1,25(OH)2D3 promotes T regulatory cell induction, thereby inhibiting inflammatory processes35. It is known that COVID-19 is associated with the increased production of pro-inflammatory cytokines, elevated CRP levels, increased risk of pneumonia, sepsis, acute respiratory distress syndrome (ARDS), and heart failure36. Case fatality rates (CFRs) in China were 6%-10% for those with cardiovascular disease, chronic respiratory tract disease, diabetes, and hypertension37. Metadichol is a inverse agonist/protean agonist 14 of VDR ie it binds at the same site as calcitriol but has different properties. It is the only known inverse agonist to VDR known in medical literature.
Telomerase and viral infections
Metadichol at one picogram increases h-TERT (telomerase) expression by 16-fold38. Viral infection places a significant strain on the body. CD8 T cells that mediate adaptive immunity39 to protect the body from microbial invaders can easily reach their Hayflick limit by depleting their telomeres40. This possibility is more likely if telomeres are already short. Infections put enormous strain on immune cells to replicate. Naive T and B cells are particularly important when our bodies encounter new pathogens, such as SARS-COV-2. The quantity of these cells is crucial for useful immune function.
AHR and viral infections
One of the major issues with infected COVID-19 patients has been respiratory failure. It has been suggested that the aryl hydrocarbon receptor (AHR) is activated during coronavirus infections, impacting antiviral immunity and lung cells associated with repair41. Signaling via AHR may dampen the immune response against coronavirus42. It has been reported that although some signalling is needed for coronavirus replication, excessive activation of this pathway may be deleterious for the virus. AHR limits activation and interferes with multiple antiviral immune mechanisms, including IFN-I production and intrinsic immunity. Yamada et al.43 suggested that AHR (the constitutive aryl hydrocarbon receptor) signaling constrains type I IFN-mediated antiviral innate defence and suggested a need to block constitutive AHR activity; only an inverse agonist can dampen this activity. We have shown that Metadichol® binds to AHR as an inverse/protean agonist44 and thus can reduce complications attributed to uncontrolled inflammation and cytokine storms.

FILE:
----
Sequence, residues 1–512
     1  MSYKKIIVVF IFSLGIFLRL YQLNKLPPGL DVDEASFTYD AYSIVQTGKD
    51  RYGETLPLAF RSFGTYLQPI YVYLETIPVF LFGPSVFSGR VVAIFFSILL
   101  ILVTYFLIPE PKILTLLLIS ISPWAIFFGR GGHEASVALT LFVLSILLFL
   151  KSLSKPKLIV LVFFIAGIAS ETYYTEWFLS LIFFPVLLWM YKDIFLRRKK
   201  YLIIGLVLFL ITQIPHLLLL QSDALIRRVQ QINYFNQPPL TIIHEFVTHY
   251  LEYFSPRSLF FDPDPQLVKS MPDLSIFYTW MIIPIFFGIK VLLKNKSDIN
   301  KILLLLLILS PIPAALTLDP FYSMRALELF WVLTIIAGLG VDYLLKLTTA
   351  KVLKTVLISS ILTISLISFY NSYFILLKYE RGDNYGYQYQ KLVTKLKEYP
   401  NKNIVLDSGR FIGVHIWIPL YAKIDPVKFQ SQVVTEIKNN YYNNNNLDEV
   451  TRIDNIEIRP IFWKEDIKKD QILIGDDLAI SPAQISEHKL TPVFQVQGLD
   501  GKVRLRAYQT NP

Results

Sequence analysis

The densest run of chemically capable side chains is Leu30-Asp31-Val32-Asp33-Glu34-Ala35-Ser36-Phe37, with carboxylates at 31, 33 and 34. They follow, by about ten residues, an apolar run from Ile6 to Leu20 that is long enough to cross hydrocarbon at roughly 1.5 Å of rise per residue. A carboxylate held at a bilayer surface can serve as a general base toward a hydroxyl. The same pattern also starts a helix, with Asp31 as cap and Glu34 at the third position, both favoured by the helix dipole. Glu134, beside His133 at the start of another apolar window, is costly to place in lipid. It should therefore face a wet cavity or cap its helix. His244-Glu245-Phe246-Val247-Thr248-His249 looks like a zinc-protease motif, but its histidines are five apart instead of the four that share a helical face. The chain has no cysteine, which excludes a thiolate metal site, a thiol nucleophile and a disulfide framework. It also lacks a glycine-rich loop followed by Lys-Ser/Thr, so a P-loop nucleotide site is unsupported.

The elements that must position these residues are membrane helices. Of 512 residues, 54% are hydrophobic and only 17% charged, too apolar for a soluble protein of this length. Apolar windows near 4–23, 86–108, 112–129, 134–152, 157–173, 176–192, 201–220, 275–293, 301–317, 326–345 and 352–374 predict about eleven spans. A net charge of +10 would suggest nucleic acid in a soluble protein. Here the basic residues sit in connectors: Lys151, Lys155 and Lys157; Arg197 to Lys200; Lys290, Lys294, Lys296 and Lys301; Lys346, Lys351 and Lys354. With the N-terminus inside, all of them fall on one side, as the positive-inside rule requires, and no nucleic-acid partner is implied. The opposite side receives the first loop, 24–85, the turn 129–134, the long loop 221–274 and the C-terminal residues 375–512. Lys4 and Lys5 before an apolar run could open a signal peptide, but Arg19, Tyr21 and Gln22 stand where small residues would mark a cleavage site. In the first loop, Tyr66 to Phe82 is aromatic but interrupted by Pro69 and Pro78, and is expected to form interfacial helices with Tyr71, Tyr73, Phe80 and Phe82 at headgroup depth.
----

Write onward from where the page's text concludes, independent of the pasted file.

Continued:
Vitamin C and viral infections
In infectious diseases, there is also a need to boost innate and adaptive immunity. The micronutrients with the most robust evidence for immune support are vitamins C and D. Vitamin C is essential for a healthy and functional host defence. The pharmacological application of vitamin C enhances immune function45. Vitamin C has antiviral properties leading to inhibition of the replication of HSV-1, poliovirus type 1, influenza virus type46, and rabies virus in vitro47.
Vitamin C deficiency reduces cellular48-52and humoral immune responses, and treatment of healthy subjects promoted and enhanced natural killer (NK) cell activities53, underlining the immunological importance of vitamin C54,55 and supporting its role as a crucial player in various aspects of immune cell functions, such as immune cell proliferation and differentiation, in addition to its anti-inflammatory properties. Moreover, the newly characterized hydroxylase enzymes, which regulate the activity of hypoxia-inducible factor gene transcription and cell signalling of immune cells, need vitamin C as a cofactor for optimal activity56-58. Metadichol administration increases vitamin C levels endogenously by recycling vitamin C and produces levels not reached by oral intake, and those reached bring about changes in improving diverse biomarkers59-61.
Gene cluster network analysis